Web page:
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Maybe Yes, Maybe No: A Guide for Young Skeptics Paperback – January 1, 1990
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"Enlightenment Now: The Case for Reason, Science, Humanism, and Progress"
Is the world really falling apart? Is the ideal of progress obsolete? Cognitive scientist and public intellectual Steven Pinker urges us to step back from the gory headlines and prophecies of doom, and instead, follow the data: In seventy-five jaw-dropping graphs, Pinker shows that life, health, prosperity, safety, peace, knowledge, and happiness are on the rise. Learn more
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About the Author
Dan Barker, a former preacher, is copresident of the Freedom From Religion Foundation, cohost of Freethought Radio, and cofounder of The Clergy Project. After 19 years as an evangelical minister, Dan "saw the light" and announced his atheism in 1984. His first public appearance as an atheist was on Oprah Winfrey's "AM Chicago." He travels extensively, lecturing and performing on college campuses, and has participated in more than 120 public debates. Dan is also a jazz pianist and lives with his wife (and copresident) Annie Laurie Gaylor in Madison, Wisconsin. He is a member of the Lenape (Delaware) tribe of American Indians.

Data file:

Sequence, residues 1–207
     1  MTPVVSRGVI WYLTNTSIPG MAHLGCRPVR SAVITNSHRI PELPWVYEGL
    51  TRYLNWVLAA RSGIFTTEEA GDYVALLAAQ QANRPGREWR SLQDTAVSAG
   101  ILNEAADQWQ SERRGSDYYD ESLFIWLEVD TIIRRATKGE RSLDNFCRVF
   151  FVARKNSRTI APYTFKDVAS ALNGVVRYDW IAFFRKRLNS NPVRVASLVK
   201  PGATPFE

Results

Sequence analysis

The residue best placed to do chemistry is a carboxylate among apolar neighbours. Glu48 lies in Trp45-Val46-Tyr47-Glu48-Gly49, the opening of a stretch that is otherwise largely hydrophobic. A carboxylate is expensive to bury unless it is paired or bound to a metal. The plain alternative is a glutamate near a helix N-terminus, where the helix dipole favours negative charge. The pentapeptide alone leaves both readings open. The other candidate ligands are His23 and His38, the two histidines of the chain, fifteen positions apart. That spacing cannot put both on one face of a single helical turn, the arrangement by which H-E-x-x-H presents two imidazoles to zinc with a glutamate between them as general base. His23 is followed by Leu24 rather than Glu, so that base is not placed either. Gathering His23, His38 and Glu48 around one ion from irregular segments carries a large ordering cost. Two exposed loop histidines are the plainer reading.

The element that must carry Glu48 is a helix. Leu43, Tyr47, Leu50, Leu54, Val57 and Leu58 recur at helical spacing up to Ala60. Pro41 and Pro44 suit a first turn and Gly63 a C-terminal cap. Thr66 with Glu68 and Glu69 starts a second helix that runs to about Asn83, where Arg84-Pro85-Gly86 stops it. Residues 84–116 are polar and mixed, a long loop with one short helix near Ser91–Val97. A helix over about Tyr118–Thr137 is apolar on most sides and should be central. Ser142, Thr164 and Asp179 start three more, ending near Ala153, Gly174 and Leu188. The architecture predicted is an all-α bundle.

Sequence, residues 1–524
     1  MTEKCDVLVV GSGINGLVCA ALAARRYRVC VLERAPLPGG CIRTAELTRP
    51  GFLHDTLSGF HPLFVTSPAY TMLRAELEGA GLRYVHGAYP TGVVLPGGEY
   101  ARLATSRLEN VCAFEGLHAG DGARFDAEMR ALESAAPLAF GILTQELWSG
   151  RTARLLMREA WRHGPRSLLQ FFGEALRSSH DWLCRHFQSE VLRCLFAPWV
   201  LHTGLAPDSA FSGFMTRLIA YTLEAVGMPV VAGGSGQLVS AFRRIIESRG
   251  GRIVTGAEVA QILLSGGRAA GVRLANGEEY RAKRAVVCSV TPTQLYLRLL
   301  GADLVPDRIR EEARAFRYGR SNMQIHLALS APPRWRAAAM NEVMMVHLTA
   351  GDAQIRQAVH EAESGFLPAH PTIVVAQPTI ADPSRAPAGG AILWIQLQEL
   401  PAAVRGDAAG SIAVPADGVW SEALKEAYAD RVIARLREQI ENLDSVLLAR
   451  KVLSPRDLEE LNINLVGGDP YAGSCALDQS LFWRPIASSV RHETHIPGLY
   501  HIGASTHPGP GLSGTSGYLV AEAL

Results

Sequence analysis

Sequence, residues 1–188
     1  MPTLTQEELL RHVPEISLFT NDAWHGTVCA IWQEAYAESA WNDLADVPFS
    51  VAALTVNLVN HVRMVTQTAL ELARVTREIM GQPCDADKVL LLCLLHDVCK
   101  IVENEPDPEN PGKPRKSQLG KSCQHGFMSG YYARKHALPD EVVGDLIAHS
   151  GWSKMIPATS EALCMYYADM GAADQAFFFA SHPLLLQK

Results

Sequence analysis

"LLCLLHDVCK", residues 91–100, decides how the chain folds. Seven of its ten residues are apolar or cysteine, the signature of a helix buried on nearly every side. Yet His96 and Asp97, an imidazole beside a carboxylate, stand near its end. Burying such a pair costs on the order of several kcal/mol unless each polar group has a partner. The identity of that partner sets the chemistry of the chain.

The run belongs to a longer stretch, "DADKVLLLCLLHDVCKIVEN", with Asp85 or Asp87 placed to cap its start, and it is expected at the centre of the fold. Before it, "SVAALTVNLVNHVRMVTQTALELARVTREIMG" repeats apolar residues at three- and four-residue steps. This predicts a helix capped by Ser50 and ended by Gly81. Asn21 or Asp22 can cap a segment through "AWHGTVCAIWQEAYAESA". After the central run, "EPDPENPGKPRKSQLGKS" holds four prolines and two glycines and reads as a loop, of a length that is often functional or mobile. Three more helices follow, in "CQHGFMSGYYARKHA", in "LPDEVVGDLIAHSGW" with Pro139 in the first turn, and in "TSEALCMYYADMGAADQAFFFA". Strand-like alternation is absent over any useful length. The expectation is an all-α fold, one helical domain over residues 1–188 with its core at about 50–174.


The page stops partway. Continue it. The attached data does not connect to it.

Top customer reviews
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Popular culture and most schools do a terrible disservice to children by discouraging freethought and original thinking. Too many children are led to believe that authority figures are always right about everything.
This easy-to-read and well illustrated book (80 pages) is just right for ages 6-12.
I suggest that those who care about children consider buying a few copies and dontating them to local schools.
I also recommend:
How Do You Know It's True?: Discovering the Difference Between Science and Superstition
The Skeptic's Dictionary: A Collection of Strange Beliefs, Amusing Deceptions, and Dangerous Delusions
--Guy P. Harrison, author of
Race and Reality: What Everyone Should Know About Our Biological Diversity
50 Reasons People Give for Believing in a God